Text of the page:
What you see may not always be as it is. This is especially true in advertising and other venues, and can lead customers astray to the benefit of the sellers. I have seen this trap, especially, with gas prices. Consider the next two photos:
Both of them advertise low prices on the regular gas compared to nearby gas stations, but of course there is a catch!
The Kenosha gas station had regular for $2.04/gallon, but only if you pay cash. The credit price jumps up by 15 cents per gallon!
The Wadsworth gas station had regular for $2.14/gallon, but only if you also buy a car wash! Otherwise, you’d pay $2.34/gallon.
I think that the lower cash price is fair, but that the lower price-with-car-wash is a sleazy bait-and-switch for customers who aren’t reading the gas station’s sign carefully. Granted, demand for gasoline is inelastic, but I still find it to be an unnecessary ploy.
But, it’s not as bad as what happened in western Nebraska in 2007: some gas stations off Interstate ramps would advertise prices significantly lower than other areas… but offer the price at one pump only! The other pumps would have a major (30-cent or more) price differential! I think that motorists complained about this practice and the Nebraska legislature stepped in to prevent that practice.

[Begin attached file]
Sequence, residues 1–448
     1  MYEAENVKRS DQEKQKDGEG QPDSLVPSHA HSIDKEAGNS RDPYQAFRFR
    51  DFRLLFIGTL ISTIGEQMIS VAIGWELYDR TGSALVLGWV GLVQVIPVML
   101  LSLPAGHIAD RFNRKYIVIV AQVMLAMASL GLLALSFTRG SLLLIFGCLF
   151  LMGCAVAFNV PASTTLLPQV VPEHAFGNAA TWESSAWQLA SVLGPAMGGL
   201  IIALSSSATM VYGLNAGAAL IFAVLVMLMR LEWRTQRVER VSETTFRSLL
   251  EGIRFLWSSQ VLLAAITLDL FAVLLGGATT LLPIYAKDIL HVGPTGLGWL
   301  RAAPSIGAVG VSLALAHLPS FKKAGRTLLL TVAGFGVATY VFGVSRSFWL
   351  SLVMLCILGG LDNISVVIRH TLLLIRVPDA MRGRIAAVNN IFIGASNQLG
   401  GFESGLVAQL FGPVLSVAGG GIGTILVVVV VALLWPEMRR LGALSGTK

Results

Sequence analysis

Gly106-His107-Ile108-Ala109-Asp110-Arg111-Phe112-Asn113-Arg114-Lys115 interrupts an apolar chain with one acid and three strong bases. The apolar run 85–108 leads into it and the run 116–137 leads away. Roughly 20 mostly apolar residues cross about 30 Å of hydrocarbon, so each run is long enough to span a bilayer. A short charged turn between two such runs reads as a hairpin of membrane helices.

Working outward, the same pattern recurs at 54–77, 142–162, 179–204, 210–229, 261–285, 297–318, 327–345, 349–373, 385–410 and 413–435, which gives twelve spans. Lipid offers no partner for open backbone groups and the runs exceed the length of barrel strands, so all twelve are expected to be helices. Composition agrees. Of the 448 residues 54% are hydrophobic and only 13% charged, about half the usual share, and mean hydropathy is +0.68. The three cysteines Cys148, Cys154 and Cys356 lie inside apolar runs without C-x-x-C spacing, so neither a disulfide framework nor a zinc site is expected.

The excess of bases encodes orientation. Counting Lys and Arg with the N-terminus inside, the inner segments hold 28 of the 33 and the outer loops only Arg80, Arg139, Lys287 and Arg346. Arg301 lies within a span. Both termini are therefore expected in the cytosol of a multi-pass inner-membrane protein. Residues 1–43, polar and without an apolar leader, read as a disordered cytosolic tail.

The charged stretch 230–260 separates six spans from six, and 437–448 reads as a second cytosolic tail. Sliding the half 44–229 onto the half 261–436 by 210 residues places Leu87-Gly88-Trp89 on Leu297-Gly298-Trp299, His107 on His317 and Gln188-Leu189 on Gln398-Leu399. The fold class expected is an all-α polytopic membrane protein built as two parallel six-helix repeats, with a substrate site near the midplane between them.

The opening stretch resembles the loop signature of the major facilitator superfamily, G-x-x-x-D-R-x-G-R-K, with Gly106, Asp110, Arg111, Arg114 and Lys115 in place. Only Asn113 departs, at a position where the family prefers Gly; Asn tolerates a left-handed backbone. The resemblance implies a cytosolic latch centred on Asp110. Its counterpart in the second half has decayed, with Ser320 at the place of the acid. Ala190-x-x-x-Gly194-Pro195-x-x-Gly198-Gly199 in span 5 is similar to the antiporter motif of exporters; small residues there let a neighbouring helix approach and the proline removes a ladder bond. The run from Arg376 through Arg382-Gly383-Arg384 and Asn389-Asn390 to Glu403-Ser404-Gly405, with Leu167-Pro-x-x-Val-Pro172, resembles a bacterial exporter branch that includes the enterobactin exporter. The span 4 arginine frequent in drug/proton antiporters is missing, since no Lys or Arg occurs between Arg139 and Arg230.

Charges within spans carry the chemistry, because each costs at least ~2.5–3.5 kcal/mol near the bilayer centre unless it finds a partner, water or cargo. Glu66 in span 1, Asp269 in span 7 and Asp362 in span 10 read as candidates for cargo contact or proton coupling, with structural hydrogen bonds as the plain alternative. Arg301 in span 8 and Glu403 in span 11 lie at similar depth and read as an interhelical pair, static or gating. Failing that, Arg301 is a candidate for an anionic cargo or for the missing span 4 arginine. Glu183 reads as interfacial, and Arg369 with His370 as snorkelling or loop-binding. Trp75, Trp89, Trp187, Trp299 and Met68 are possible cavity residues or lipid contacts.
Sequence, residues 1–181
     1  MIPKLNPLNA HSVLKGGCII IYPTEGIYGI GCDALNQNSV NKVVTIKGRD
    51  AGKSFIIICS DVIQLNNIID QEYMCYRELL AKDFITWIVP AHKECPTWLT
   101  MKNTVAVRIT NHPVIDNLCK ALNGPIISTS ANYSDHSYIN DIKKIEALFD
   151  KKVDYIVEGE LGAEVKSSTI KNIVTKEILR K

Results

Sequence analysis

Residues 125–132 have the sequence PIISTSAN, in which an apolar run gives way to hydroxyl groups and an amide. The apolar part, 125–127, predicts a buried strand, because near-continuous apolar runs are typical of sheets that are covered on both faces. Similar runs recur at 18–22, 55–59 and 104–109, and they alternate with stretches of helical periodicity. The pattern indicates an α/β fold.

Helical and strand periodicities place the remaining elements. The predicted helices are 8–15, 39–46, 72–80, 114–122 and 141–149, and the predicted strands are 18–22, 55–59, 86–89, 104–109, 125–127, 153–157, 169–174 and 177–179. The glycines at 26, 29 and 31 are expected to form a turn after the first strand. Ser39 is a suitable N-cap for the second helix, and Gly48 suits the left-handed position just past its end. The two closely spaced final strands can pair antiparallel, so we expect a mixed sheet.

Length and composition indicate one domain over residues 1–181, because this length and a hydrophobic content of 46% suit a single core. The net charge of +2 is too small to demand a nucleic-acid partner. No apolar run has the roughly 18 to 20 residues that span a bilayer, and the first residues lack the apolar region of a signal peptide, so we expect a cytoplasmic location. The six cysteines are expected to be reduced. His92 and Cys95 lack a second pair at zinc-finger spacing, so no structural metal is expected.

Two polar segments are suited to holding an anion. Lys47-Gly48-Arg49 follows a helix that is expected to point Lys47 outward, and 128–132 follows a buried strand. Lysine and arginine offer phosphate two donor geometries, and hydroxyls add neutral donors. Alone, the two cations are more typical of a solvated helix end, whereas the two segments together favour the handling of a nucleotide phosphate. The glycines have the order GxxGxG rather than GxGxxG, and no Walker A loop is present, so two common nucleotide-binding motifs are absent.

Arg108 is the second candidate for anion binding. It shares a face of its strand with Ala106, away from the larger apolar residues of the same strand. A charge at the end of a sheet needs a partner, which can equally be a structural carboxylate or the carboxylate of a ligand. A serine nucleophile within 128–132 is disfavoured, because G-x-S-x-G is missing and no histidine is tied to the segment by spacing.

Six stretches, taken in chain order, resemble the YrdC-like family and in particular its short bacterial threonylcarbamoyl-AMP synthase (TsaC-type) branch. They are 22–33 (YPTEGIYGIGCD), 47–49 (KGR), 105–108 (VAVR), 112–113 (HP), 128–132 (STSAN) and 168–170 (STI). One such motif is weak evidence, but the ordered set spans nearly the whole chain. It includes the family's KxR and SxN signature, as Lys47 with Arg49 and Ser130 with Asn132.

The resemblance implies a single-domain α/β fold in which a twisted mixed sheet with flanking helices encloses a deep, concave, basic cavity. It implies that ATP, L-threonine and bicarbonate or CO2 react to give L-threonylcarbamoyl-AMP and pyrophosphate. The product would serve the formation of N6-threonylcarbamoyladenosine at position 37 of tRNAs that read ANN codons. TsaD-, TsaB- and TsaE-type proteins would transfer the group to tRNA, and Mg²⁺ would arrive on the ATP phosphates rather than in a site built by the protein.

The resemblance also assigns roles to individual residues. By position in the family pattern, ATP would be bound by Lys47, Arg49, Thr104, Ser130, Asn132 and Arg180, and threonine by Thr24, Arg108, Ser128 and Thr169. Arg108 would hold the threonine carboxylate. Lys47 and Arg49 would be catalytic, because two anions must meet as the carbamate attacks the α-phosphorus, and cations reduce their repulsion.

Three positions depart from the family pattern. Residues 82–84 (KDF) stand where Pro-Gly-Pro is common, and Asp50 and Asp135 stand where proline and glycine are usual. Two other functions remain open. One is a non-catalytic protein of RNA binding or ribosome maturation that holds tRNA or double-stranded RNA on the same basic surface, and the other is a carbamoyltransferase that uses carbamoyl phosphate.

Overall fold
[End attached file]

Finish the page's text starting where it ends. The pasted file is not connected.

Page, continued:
Nevertheless, you have to be a savvy shopper when gas stations play these games with their prices.
Interestingly, I found that it is illegal in some states to frame a lower cash price as a “credit card surcharge…” you must instead call the lower cash price a “cash discount” when advertising the credit card price. There’s a psychology study about this technique that I read in my Cognitive Psychology class, ten (!!) years ago.
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